As soon as the land of any country has become private property, the land of the lords, like all other men [sic] love to reap where they have never sowed, and demand a rent even for its natural produce. (p. 47)

In other words, people abandon their land and migrate to urban areas, looking for money. When allowed, this system crushes the indigenous people who finally become poor. Economic structures are protected against humanity. Injustices become the order of the day. Some accept it as an operative principle and natural right of land owners, while it may appear that on a superficial level others are correct in saying that it is also apparent that the unrestricted accumulation of private property can become oppressive and finally displace people from the land (cf. Arrighi 1994). A classic case is the Land Act of 1936. During the apartheid days, black people were displaced from the land of their ancestors. Duchrow defines this process as one that breaks solidarity among poor people. He says:

Solidarity among peasants broke down with the introduction of both private property and money (with interest) leading to the accumulation of land, on the one hand, and loss of land plus debt slavery, on the other hand. (Duchrow & Hinkelammert 2012:15)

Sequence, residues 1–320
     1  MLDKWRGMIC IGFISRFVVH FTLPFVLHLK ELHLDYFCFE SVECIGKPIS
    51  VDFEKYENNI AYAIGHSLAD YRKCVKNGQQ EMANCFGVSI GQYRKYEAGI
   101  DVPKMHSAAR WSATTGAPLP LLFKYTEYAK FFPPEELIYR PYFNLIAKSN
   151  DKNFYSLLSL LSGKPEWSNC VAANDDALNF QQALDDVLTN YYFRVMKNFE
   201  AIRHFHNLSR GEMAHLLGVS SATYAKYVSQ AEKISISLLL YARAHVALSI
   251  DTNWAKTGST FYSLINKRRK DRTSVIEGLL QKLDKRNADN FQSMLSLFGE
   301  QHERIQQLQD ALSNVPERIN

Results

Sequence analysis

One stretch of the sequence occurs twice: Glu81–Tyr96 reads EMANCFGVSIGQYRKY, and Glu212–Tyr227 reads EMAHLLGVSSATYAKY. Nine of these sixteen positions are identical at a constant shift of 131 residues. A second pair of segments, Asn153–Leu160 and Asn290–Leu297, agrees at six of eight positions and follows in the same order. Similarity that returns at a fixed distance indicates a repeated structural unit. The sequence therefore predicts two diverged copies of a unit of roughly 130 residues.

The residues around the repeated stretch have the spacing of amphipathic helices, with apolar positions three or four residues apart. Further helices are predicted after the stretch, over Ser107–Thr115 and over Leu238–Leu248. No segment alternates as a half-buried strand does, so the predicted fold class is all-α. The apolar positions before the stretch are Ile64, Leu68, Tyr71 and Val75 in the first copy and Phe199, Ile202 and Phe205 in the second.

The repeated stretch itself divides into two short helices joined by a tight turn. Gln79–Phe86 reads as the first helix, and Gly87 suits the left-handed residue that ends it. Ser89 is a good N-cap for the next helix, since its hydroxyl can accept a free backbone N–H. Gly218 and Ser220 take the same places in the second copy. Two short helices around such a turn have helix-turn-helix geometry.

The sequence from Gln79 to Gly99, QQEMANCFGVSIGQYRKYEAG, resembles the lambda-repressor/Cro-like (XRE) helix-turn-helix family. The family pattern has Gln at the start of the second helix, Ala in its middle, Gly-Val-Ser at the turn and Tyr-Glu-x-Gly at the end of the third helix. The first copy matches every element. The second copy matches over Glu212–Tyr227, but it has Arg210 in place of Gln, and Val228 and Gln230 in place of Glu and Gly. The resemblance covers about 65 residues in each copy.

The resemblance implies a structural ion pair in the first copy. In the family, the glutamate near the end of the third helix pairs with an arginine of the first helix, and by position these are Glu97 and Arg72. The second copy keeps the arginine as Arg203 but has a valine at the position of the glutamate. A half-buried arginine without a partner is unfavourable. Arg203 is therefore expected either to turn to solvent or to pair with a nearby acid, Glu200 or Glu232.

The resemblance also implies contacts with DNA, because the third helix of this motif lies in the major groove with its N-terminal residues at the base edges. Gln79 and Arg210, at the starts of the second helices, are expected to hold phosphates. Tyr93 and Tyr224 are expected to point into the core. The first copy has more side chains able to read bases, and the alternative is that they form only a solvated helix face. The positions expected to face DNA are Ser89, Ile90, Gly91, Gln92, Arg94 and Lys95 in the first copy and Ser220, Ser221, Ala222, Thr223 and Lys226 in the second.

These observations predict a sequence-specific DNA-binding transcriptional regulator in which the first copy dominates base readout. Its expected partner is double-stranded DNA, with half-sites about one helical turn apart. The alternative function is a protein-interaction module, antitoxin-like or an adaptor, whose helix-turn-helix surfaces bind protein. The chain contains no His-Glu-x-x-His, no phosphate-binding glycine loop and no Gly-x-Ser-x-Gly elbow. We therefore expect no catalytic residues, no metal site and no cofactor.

Besides direct oppression in South Africa, this process also introduced indirect, anonymous forms of extracting surplus production, which promoted the splitting of societies into rich and poor. One is not surprised by how capitalism embarked on a concerted drive towards temporary and part-time employment, which provides decent wages on an unpredictable basis only. The resulting insecurity makes family life very difficult. Care-givers and counsellors need to be particularly sensitive to the various kinds of economic vulnerability poor people face. Rosaldo (1993) was right when he said:

Economic vulnerability is defined as the limits of the resources and adaptability of the community [village] or an individual when faced with potential threats, which in other words means a community’s [village’s] ability to absorb the changes that are caused by disaster in a particular milieu. (p. 56)

The result of the above is that communities are divided into a class of oppressor (rich) and a class of the oppressed (poor) – owners and labourers. Because of present inequalities, the latter class will seek radical reform and redistribution of both property and capital, while a class of defensive and conservative landowners will seek the preservation of the status quo. One understands the reaction Marx showed towards capitalism. He articulates the concern by saying:

The concentration of property in private hands results in alienation of human beings from their ‘species beings’ and a retreat into individualism. (in Blunden 2000:56)